Anton Floyd – Notes In A Time Of Grieving



Anton Floyd was born in Egypt, a Levantine mix of Irish, Maltese, English and French Lebanese. He studied at Trinity College, Dublin and University College, Cork. He has worked in the eastern Mediterranean and now lives in West Cork. Poems widely published in Ireland and internationally. A member of Irish Haiku Society, he is several times winner of International Haiku Competitions. A selection of haiku is included in Between the Leaves, an anthology of new haiku writing from Ireland edited by Anatoly Kudryavitsky (Arlen House, 2016). His first poetry collection, Falling into Place was published by Revival Press in 2018. He edited Remembrance Suite, a chapbook of sonnets by Shirin Sabri (Glóir, 2018) and an international anthology of poems, Point by Point (Glóir, 2018). He received the 2019 Literary Prize awarded by the Dazzling Spark Arts Foundation (University of Macau, China). A new collection, Depositions, delayed by the pandemic, is forthcoming from Revival Press in 2022.

Michelangelo’s Slaves, Florence

:for here there is no place
that does not see you. You must change your life.
Archaic Torso of Apollo, Rainer Maria Rilke

I stand in awe before them, sense
their fixed purpose is directed at me.
Have they fallen for the trap of believing
I have the knack of freeing them?
This muscular aching demands relief,
a frank response, a desperate act.
I can only offer a poem. The one
I am drafting in my head begins
with the history of false starts.
Thoughts buckle under the heaviness,
this weight of obsessive memories –
so many midnights of the unnamed.
Every line is a strained sinew.
No deliverance yet – we stumble,
keep falling in a world of flaws,
unviable births and stifled breaths.
What poem can confront this enormity?
Justice, and not the vanity of grief,
is the auroral shock across the dark.
With some force of will
words, like hammer blows,
must come rough-hewn.
If any poem is equal to the act
it must come from the gut
with words to cleave the general ear,
must speak the heaving struggle
to escape the yoke, these marble shackles.


…the dreadful summit of a cliff …
Horatio in Hamlet Act 1 Scene 4

At George’s Head the beetling cliffs
heave to a halt. Headlong and roaring
the waves crash into them and splinter.
Foamy shards, wind-blown like a flock
of gulls, splash the sky and muted
fall to the slabs of rock at the base.
Look! Look there: how the suck
is downwards into the salt swirls,
those feathering skirts, toying like sirens.
Yet think of this: between massy pulses
tides turn. Time will draw the waves
into a fine line along the horizon.
So hold, my heart, heave to. Wait then
for the tide and that distant levelling.


in memoriam

Some things stay with you.
The pathways are neatly laid out.
Yesterday’s white storm birds
have gone. Someone has tidied
any leaves stripped by the wind.
We move in preternatural stillness.
The midmorning churchyard sun
feels like a hand on my shoulder.
Yews, those evergreen mourners,
stand reverential. Lichen covers
the carved markers. Each stone,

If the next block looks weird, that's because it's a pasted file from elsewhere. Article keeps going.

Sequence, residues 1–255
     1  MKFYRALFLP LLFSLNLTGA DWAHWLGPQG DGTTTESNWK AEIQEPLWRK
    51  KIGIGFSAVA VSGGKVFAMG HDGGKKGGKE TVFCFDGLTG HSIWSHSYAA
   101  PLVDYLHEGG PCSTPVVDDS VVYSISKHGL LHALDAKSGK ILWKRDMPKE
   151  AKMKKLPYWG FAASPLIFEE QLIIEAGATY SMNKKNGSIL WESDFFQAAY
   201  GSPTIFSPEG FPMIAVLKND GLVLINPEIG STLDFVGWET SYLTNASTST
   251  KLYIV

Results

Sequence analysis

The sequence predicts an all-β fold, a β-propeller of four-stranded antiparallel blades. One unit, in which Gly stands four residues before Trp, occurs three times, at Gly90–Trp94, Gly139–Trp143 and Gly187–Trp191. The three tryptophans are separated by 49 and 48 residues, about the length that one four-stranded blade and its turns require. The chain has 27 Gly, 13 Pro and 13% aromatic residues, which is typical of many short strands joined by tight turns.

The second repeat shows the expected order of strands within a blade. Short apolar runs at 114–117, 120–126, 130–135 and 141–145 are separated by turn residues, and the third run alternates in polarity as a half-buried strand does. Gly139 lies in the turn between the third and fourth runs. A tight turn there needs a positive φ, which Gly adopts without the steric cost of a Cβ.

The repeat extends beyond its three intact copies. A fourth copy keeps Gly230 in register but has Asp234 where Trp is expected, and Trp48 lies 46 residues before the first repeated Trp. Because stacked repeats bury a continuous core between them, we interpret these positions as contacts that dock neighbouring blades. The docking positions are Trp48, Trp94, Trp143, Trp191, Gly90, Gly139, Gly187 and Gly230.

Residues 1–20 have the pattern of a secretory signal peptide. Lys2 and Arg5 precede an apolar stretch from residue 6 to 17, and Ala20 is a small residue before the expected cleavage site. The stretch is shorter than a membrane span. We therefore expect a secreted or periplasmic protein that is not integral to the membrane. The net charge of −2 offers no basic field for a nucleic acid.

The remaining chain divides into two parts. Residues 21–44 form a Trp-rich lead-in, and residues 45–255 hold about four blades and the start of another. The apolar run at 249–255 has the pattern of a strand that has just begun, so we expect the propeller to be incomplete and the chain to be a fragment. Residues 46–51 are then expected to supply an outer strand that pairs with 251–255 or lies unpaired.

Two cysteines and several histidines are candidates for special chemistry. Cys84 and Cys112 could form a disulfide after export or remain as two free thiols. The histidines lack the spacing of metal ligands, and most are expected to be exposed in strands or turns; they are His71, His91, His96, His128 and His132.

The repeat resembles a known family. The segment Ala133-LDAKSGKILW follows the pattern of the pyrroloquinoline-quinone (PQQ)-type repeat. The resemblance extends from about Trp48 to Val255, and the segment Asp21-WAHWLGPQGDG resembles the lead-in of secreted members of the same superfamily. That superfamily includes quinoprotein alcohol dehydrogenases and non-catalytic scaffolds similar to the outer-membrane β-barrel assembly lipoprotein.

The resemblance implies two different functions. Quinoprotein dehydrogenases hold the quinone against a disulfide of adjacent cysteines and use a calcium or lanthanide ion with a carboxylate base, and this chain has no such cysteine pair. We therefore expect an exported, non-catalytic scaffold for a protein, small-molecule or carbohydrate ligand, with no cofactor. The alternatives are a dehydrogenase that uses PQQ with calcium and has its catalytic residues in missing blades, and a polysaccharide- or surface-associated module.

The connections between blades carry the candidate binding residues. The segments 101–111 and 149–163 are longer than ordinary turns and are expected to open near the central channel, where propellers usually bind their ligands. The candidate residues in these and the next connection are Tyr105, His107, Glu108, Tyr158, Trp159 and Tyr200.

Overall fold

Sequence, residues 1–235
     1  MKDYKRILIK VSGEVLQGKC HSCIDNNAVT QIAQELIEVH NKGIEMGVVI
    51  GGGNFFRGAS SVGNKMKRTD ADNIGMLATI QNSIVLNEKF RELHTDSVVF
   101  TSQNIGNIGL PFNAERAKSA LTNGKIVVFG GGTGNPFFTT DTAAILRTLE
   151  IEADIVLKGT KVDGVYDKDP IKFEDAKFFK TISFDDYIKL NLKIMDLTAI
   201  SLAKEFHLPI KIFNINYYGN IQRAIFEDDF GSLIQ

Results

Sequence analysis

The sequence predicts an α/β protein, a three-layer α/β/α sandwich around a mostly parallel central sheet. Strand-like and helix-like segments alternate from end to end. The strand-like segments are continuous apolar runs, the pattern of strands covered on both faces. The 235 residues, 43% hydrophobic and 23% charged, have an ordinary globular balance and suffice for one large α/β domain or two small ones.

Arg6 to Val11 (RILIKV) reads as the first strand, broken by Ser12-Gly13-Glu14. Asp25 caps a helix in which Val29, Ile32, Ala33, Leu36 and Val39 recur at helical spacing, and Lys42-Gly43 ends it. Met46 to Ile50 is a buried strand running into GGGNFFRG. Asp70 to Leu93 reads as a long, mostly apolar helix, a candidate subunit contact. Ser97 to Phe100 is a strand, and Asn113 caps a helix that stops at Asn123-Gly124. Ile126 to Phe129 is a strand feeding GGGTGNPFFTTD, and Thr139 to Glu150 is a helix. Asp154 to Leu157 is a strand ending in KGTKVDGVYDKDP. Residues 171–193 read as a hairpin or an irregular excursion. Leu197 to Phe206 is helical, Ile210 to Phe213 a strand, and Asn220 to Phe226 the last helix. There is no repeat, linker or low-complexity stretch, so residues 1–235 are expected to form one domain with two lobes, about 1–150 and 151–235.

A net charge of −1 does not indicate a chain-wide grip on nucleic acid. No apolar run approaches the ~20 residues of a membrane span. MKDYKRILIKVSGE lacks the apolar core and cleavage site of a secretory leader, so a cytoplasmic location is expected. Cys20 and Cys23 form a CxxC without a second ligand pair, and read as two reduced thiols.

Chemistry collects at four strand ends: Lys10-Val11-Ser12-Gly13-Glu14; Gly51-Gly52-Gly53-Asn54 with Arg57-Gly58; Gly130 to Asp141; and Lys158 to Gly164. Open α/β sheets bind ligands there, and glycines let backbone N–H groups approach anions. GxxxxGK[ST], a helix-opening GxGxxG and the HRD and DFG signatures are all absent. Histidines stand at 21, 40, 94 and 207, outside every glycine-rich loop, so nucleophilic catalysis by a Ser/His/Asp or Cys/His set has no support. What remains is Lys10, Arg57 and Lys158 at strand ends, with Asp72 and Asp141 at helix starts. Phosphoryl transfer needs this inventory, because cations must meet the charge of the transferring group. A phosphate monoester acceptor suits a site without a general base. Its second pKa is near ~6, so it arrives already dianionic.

enduring wind and rain, carries
a name, each one a local history.
We come to her grave. A cot death,
you say, a mystery, and how her tiny life
has filled your years. You were bereft,
you add, and those few days remain
opaque, lost under a glaze of grief.
Friends, neighbours, calls, food,
undertaker, all the arrangements
fastened by unseen hands.
I set myself to speak a prayer,
instead I imagine the unbearable –
your child in a tiny white casket
like a frosted cake; the cold ground;
my mother burying her two girls;
ah no; the years, the years reeling.
Then you tell me how the ease came
– here the jolt of unexpected care –
the sexton had dug and lined the grave
with moss and starbursts of wild flowers.


in memoriam

Flinn with an ‘i’
because there is no letter ‘y’
he said, in the Irish alphabet
and he always one to be authentic,
the quest that drove him
the restless spur
to be at one
with the voice inside him
the one protesting him to song.

Whatever pulses beat
their rhythms in his blood,
whether the sounds
inside his head came
as single notes or chords,
the overtones
made and unmade him
an alien at home
and at home only wherever
his music would take him.

One summer evening
I paused to see him run
on the tidal sands
under Bray Head.
He was wearing white
as if condensing light
the speed and ease
in the way he ran
belied whatever torments
he was trying to outrun.

Years later found him
in Cyprus at our door,
the wild minstrel boy,
guitar slung on his back.
The shortest way to Tara
and all that, he said.
He was on the run again
from the shrinks in St Pats
holding a sackful of songs
and exclamation marks!

For the beach hotel
where he found work
his papers stated
first alien, then musician.
He was in his element
a five star entertainer
in a sharp white suit,
a red rose in his lapel.
On opening night he said,
This is my green carnation.

The season over he left
thinking he’d be back
but only rumours came:
another stay in St Pats
and then the news;
he had walked into the sea
holy and broken.
There was an order of service,
the envelope it came in,
and silence the purest white

© Anton Floyd